OKLAHOMA CITY, Okla.—It was one of those days when nothing went right for Oklahoma County District Attorney Bob Macy, who asked a federal court to rule that The Tin Drum, an Academy Award-winning film, was child pornography.
First, U.S. District Judge Ralph Thompson ruled that, even according to Oklahoma's legal standard, the movie was not child porn. Then the judge said that Macy had to return all of the videos of the film his office had confiscated last year from video stores, homes and a library.
The Tin Drum, made in Germany, won the Academy Award in 1979 for best foreign film. It is the story of Oskar, a boy who refuses to grow physically after the Nazis take power in Germany, and who shows his anger and frustration by banging on his tin drum and screaming with a high-pitched voice. The movie, which starred David Bennent, was an adaptation of the novel by Gunter Grass.
In Oklahoma City, Macy looked at the film and focused on three scenes, one of them showing a minor performing oral sex.
Judge Thompson said Oklahoma law forbids movies that show underage actors either simulating or portraying sexual acts but only if the film appeals to prurient interests. In the case of this critically-acclaimed foreign film, there was no such appeal, the judge said.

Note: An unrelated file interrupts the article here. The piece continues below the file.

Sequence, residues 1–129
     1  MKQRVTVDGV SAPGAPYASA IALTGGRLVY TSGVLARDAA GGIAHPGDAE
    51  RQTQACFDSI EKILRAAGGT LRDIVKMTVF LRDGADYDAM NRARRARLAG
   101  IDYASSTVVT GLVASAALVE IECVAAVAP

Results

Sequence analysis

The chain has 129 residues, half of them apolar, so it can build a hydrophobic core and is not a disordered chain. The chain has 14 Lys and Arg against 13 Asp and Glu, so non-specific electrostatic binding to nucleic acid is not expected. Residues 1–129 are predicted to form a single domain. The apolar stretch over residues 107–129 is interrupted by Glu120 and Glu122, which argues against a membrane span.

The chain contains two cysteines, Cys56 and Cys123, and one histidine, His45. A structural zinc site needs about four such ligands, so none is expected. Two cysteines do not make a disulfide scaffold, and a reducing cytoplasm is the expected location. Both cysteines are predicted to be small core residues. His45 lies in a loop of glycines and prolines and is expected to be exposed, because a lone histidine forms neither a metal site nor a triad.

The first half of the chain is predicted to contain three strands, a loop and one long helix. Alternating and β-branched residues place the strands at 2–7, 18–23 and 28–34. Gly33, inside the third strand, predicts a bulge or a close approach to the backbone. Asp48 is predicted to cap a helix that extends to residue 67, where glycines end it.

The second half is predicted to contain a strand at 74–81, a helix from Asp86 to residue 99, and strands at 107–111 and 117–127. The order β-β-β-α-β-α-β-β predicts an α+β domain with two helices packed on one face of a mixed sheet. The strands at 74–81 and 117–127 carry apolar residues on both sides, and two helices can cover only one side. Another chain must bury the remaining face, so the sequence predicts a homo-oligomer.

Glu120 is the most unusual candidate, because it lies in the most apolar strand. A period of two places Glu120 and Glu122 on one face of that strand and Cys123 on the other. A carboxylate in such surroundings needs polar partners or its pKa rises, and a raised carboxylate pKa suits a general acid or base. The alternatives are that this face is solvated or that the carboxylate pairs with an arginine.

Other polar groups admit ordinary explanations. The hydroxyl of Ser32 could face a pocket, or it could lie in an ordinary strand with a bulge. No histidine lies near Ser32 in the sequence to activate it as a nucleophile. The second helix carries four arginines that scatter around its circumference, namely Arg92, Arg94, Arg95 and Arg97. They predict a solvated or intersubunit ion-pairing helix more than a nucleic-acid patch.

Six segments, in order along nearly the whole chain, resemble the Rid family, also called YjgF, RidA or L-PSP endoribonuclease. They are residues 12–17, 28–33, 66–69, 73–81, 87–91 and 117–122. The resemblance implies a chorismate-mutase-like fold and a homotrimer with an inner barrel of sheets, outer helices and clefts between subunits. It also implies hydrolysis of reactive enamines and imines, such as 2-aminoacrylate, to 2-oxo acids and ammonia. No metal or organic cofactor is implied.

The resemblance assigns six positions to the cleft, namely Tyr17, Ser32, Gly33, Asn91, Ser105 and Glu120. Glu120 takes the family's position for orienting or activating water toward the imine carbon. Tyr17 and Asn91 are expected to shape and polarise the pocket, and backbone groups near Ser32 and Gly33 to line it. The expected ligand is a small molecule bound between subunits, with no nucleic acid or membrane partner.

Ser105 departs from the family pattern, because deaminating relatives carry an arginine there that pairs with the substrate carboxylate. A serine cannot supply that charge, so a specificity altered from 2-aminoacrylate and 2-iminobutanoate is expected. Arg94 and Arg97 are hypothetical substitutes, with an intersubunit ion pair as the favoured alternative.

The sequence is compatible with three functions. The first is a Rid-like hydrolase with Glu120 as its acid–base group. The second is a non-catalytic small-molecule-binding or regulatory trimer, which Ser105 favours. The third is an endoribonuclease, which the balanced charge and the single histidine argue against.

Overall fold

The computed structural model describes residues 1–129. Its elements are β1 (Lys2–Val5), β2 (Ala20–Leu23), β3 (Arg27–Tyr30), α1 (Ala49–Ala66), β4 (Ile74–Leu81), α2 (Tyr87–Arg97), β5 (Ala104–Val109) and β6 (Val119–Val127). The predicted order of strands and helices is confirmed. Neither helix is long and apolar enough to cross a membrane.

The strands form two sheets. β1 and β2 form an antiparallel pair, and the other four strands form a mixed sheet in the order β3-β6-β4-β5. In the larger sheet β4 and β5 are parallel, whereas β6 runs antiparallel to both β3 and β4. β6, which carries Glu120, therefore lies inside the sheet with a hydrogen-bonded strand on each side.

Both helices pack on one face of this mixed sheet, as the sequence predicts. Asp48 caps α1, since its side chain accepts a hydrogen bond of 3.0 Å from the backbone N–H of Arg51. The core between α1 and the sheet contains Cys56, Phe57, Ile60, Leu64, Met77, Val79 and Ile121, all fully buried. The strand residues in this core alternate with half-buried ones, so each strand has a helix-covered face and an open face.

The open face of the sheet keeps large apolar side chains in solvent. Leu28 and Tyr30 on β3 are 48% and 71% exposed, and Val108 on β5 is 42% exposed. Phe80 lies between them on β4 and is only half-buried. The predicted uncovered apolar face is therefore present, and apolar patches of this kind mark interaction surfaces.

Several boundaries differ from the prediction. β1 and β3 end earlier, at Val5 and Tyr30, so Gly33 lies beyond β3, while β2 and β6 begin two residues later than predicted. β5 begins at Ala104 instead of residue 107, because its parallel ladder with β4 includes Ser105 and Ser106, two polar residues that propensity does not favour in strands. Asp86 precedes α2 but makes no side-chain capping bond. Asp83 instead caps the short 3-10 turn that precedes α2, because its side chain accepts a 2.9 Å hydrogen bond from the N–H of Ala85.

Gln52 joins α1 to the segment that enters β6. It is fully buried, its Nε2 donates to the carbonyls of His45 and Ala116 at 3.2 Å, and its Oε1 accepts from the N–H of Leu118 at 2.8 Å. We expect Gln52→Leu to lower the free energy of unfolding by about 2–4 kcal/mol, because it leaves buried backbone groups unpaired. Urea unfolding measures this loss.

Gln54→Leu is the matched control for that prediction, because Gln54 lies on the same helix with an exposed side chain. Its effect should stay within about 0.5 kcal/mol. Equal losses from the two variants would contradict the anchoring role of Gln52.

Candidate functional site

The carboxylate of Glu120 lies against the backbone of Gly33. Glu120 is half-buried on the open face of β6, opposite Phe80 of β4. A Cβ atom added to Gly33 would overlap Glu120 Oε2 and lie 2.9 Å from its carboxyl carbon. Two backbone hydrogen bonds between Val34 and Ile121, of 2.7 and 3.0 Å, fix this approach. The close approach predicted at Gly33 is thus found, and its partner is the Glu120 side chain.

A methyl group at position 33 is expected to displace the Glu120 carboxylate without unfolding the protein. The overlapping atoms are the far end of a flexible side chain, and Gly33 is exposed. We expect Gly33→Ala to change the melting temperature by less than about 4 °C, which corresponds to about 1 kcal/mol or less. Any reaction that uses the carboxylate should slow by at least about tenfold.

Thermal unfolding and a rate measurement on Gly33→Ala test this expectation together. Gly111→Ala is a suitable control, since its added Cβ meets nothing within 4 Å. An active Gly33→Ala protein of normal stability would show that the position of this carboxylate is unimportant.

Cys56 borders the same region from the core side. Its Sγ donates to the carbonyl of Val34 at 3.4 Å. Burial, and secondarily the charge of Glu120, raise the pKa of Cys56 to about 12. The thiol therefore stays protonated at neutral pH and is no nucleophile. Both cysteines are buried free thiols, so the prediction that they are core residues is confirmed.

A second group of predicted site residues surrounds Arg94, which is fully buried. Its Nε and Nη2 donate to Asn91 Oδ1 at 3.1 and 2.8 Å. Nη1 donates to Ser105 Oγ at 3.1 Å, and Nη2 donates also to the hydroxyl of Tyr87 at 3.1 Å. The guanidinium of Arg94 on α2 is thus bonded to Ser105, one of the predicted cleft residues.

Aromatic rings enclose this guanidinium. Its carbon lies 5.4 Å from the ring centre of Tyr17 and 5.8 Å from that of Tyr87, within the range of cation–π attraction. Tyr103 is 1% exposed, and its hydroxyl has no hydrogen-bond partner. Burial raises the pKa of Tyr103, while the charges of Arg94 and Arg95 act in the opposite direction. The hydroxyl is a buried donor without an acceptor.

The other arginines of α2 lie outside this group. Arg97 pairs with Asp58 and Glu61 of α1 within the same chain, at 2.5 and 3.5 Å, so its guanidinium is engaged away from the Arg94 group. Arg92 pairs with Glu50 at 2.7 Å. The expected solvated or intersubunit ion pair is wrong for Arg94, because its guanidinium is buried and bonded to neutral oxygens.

The judge's ruling failed to convince Bob Anderson, executive director of Oklahomans for Children and Families. He said he still believes The Tin Drum includes child pornography.
Michael Camfield, development director for the American Civil Liberties Union of Oklahoma, said there is still some unfinished business. He said issues remain concerning the way Oklahoma City police went about confiscating copies of the film, including seizing it from his own house. He has filed a lawsuit to challenge that Oklahoma roundup.